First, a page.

It costs £450 for a standard table (£600 VIP and £40 per person for afterparty) there’s a category for ‘Corporate Straight Ally’ and it’s sponsored by the Royal Bank Of Scotland
Who is excited for the British LGBT Awards next week? It is, apparently, dubbed “the Gay Oscars” by the press. That in itself seems like a tautology after this year’s real Oscars – they were pretty gay: Sam Smith declared himself “the first openly gay man” to win an Oscar. Dustin Lance Black snapped back that he was the first. Neither of them actually were, but what are dull facts of history compared to the razzle dazzle of showbiz?
But back to the auspicious LGBT awards every member of the community is waiting for. I say ‘every member’ of the community but I imagine those struggling with housing in an era of austerity may not have the spare change to book one of the “extremely limited” tables that boast champagne and VIP access for those who can pay.
The awards are proudly sponsored by the Royal Bank of Scotland, everyone’s favourite bank – or rather, the one that we all paid to bail out in a fantastic investment that made a huge loss (a loss for everyone except for its senior bankers who paid themselves handsome bonuses throughout the recession).
And we mustn’t discriminate against anyone – as the Awards website itself says: “As part of our ongoing commitment to diversity and inclusion, The British LGBT Awards accepted public nominations in this category, regardless of the nominee’s sexuality”. Indeed, we must show diversity and include the straight people – lord knows they have so few moments of being celebrated in our culture – let them bask in the glow of an LGBT award too!
Straight people are honoured widely to the extent that they even have their own category: ‘Celebrity Straight Ally’. Nominees include Kim Cattrall (because her Sex and the City character Samantha had a brief, two-episode affair with a woman which aired fifteen years ago) and Eddie Redmayne, who played trans pioneer Lili Elbe in The Danish Girl.
Then there’s the ‘Corporate Straight Ally’ category, featuring lots of middle-aged men in suits as nominees. I don’t know any of them but, hey, I’m not corporate or straight (ok I was one time at a party but I was fucking wasted). A man called Vincent who works at KPMG is nominated and says “my LGBT colleagues are brave in a way I am only beginning to understand, and have inspired me again and again.” Cheers, Vince, we love having to be ‘brave’ and glad we inspired you: there’s a bag of meph with your name on it when you wanna hit up Vauxhall.
“There’s the ‘Corporate Straight Ally’ category, featuring lots of middle-aged men in suits as nominees. I don’t know any of them but, hey, I’m not corporate or straight (ok I was one time at a party but I was fucking wasted)”
There is an LGBT category (yes that’s an LGBT category at the LGBT awards) to honour LGBT celebrities. Well, just eight of them. One of the nominees is Boy George, who was convicted of imprisoning and beating a gay sex worker. I doubt any gay sex workers are in a position to complain though – by which I mean they probably haven’t booked one of those “extremely limited” tables to heckle from.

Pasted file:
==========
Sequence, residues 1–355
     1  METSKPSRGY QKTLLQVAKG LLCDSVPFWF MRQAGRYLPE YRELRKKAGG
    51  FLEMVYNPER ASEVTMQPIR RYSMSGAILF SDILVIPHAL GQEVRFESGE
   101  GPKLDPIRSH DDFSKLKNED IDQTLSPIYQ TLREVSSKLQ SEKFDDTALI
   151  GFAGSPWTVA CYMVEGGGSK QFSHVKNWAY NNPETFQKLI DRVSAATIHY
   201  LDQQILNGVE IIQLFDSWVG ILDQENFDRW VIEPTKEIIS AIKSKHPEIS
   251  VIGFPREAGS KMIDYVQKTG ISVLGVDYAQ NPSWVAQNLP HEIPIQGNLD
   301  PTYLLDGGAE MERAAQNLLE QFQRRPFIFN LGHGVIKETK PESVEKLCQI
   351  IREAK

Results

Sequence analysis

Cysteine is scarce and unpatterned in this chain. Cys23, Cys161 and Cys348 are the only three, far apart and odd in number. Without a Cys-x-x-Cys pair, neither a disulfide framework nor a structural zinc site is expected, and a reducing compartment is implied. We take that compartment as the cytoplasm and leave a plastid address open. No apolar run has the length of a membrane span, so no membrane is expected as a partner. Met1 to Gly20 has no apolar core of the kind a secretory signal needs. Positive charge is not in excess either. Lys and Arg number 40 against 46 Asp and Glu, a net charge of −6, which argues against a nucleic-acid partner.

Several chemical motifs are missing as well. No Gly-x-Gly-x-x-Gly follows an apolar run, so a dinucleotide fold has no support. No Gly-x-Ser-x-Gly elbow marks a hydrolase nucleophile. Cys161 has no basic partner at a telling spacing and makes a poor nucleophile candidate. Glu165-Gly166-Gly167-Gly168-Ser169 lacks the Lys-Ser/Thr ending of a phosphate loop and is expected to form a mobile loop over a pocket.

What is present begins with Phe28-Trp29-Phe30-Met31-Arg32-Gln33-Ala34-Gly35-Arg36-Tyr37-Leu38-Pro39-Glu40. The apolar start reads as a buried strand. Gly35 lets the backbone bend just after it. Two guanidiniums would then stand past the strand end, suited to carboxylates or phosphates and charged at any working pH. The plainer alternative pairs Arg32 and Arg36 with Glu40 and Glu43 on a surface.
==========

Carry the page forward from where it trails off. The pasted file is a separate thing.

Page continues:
As a transgender person myself, I was keen to see who would be nominated for Team Trans – and, who else, but everyone’s favourite arch-Republican Caitlyn Jenner as our sole icon and representative. The expert judging panel also features one trans woman, Captain Hannah Winterbourne. Winterbourne does, in fairness, do good work with the charity Mermaids but I cannot slightly groan at the fact that the trans community – so often erased in LGBT history – is this year represented in toto by an officer in that queerest and most radical of institutions: the British Army.
The Global Icon category seems to be the big gong of the night given its impressive title and once again its good to see so many straight people nominated. Hillary Clinton is nominated for her work on human rights. Hillary believes in the death penalty, opposed gay marriage for years, lied about the Reagan administration’s response to the AIDS crisis and drone bombs Pakistani schools in her free time but, hey, she’s a strong woman in a male-dominated world! Slay, queen!
For balance, I would say it is good that LGBT charities and community initiatives are honoured in an otherwise pinkwashed event. If I were to be a real bitch I could still raise an eyebrow that my good friends over at Freedom to Donate are nominated when LGBT domestic violence charities, currently under threat, do not receive any of the limelight this event could offer. When we attempted to contact Square Peg Media, the firm behind the British LGBT Awards, for comment at the announcement of the shortlist (way back in February) we received no reply.
However, a spokesperson for the awards did speak to The Independent, lukewarmly insisting all nominees are voted for by the public. There’s no data available on how many votes were received (or how many of these may have come from the PR teams for the nominees themselves). Perhaps, then, the prevalence of straight nominees with dubious qualifications is not the fault of the organisers.
But it leads me to question – if there are not enough queer people in public life to fill a queer awards ceremony, maybe that should be a call to action rather than a cause for champagne-soaked celebration? Of course, I begrudge none of the nominees a night on the town (I’m sure the afterparty cocaine will be top notch) but, rather like the rugby boys at school who wanked in unison while insisting they weren’t gay, these LGBT Awards seem like the biggest hetero circle jerk of all.